Inflammation of the conjunctiva is a common cause of a diffusely red, uncomfortable eye. The main differential diagnosis often rests between infectious causes and allergy.
Acute bacterial conjunctivitis is relatively common and tends to present with a red, gritty eye and a sticky discharge. Everting the upper eyelid may reveal a papillary reaction on the tarsal conjunctiva. Papillae are small raised areas on the conjunctival surface due to dilated conjunctival capillaries surrounded by oedema and inflammatory infiltrates. The eyelids are frequently stuck together on waking.
Common causative organisms are staphylococcus, haemophilus and streptococcus species. Bacterial conjunctivitis can be unilateral or bilateral and usually resolves fairly quickly with a broad spectrum topical antibiotic.
Gonococcal bacterial conjunctivitis is much rarer and characterised by an acute purulent conjunctivitis with associated pre-auricular lymphadenopathy. It is a venereal disease resulting from direct genital-hand-ocular transmission. Gonococci can cause corneal ulceration and prompt treatment should be with systemic and topical antibiotics.
Viral conjunctivitis usually presents with red, sore eyes and a watery discharge. Conjunctival follicles (caused by aggregations of lymphocytes) may be seen, especially in the lower fornices. Viral conjunctivitis is most often bilateral and, unlike acute bacterial conjunctivitis, there is often associated tender pre-auricular lymphadenopathy. Corneal involvement can result in photophobia and reduced vision and the condition is then known as keratoconjunctivitis.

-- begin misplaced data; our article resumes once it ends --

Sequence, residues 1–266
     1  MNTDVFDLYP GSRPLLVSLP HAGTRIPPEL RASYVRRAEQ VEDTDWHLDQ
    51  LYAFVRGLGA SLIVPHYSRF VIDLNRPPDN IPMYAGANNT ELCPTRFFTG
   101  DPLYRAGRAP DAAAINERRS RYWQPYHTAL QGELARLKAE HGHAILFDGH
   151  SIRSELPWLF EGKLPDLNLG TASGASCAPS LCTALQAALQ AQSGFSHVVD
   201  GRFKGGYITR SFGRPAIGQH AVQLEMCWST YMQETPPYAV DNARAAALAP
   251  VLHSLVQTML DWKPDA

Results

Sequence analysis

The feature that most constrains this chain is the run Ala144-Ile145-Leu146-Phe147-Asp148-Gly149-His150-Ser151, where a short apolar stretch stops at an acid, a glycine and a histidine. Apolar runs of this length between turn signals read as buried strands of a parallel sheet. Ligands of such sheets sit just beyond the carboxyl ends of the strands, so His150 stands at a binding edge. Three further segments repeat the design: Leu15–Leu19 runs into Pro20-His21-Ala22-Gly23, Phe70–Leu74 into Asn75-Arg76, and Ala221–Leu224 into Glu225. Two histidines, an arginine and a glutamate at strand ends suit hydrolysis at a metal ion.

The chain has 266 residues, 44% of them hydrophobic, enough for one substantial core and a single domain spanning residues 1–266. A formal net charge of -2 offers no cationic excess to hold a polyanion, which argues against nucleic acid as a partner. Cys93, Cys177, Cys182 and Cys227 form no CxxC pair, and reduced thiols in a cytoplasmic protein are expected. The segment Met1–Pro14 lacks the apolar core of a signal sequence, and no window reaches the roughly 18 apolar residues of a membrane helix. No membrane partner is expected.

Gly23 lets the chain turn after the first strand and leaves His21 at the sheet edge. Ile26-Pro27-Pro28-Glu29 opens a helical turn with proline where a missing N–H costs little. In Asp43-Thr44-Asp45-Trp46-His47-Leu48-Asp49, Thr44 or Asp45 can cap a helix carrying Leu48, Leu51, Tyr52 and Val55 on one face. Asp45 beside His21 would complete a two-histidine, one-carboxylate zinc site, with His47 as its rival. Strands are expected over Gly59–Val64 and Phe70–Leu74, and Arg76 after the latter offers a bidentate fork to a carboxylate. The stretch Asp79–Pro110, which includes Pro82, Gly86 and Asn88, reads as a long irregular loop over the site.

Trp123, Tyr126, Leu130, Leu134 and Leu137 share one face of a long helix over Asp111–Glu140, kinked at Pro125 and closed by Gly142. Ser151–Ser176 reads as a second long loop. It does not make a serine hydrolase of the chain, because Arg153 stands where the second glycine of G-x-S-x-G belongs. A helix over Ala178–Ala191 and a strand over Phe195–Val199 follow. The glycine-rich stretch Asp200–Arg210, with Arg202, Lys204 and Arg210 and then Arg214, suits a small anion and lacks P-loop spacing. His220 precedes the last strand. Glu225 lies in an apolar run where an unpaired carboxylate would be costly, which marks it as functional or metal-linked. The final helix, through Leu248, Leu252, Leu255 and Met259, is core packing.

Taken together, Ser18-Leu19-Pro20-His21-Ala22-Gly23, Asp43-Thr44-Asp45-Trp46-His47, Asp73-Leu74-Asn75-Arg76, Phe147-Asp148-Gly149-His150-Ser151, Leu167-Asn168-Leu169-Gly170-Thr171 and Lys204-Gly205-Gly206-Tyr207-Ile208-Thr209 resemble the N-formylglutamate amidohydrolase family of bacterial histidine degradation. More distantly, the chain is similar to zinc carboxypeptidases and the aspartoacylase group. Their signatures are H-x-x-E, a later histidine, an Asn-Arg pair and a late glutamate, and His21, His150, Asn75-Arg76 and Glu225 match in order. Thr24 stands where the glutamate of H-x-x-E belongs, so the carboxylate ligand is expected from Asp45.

Adenoviruses have been implicated in two specific external ocular infections: epidemic keratoconjunctivitis (EKC) and pharyngoconjunctival fever (PCF). EKC is most frequently caused by adenovirus types 8 and 19 and is usually not associated with any systemic symptoms. PCF is associated with adenovirus types 3 and 7. It is commoner in children and associated with an upper respiratory tract infection. Both conditions are highly contagious for a few weeks and can involve the cornea (keratitis). The mode of virus transmission is usually by contaminated fingers, ophthalmic instrumentation eg tonometer tips or swimming pool water.
The treatment of viral conjunctivitis is mainly supportive, such as ocular lubricants for comfort, and it may take several weeks to completely resolve. Occasionally topical steroids are commenced by specialists if there is sight impairing keratitis and topical antibiotics may be indicated if there appears to be a superadded secondary bacterial conjunctivitis.
Topical antiviral agents are indicated in the special circumstance of signs and symptoms suggestive of a primary or reactive herpes simplex infection eg a child with a unilateral conjunctivitis, lymphadenopathy and associated herpetic eyelid vesicles.
This is a sexually transmitted disease (STD) caused by Chlamydia trachomatis serotypes D to K and associated with urethritis or cervicitis. It may present as a low grade chronic unilateral follicular conjunctivitis with associated pre-auricular lymphadenopathy. Corneal involvement can occur if left untreated.
Patients with conjunctival scrapings positive for chlamydia should be referred to Genito-Urinary medicine for further assessment and contact tracing. Systemic antibiotics are required for treatment.
This term is used for conjunctivitis occurring in babies during the first month of life. Chlamydia trachomatis transmitted from the mother during delivery is one possible cause, but the differential diagnosis includes bacterial, herpetic and gonococcal infections. Specialist opinion is required to establish the aetiology and commence appropriate treatment.
This type of conjunctivitis tends to present with red, itchy, watery eyes and a “stringy” discharge. Everting the upper lid often reveals a papillary reaction on the tarsal conjunctiva. It may be seasonal ie hayfever conjunctivitis, and is commoner in atopic individuals who are prone to asthma and eczema. A similar condition can present in patients who are hypersensitive to agents being used in contact with the eye eg preservatives in eye drops or contact lens solutions.
If the allergen can be identified it should be withdrawn. Occasionally patch testing may be helpful. The mainstay of treatment is symptomatic relief with topical (or systemic) antihistamines or mast cell stabilisers.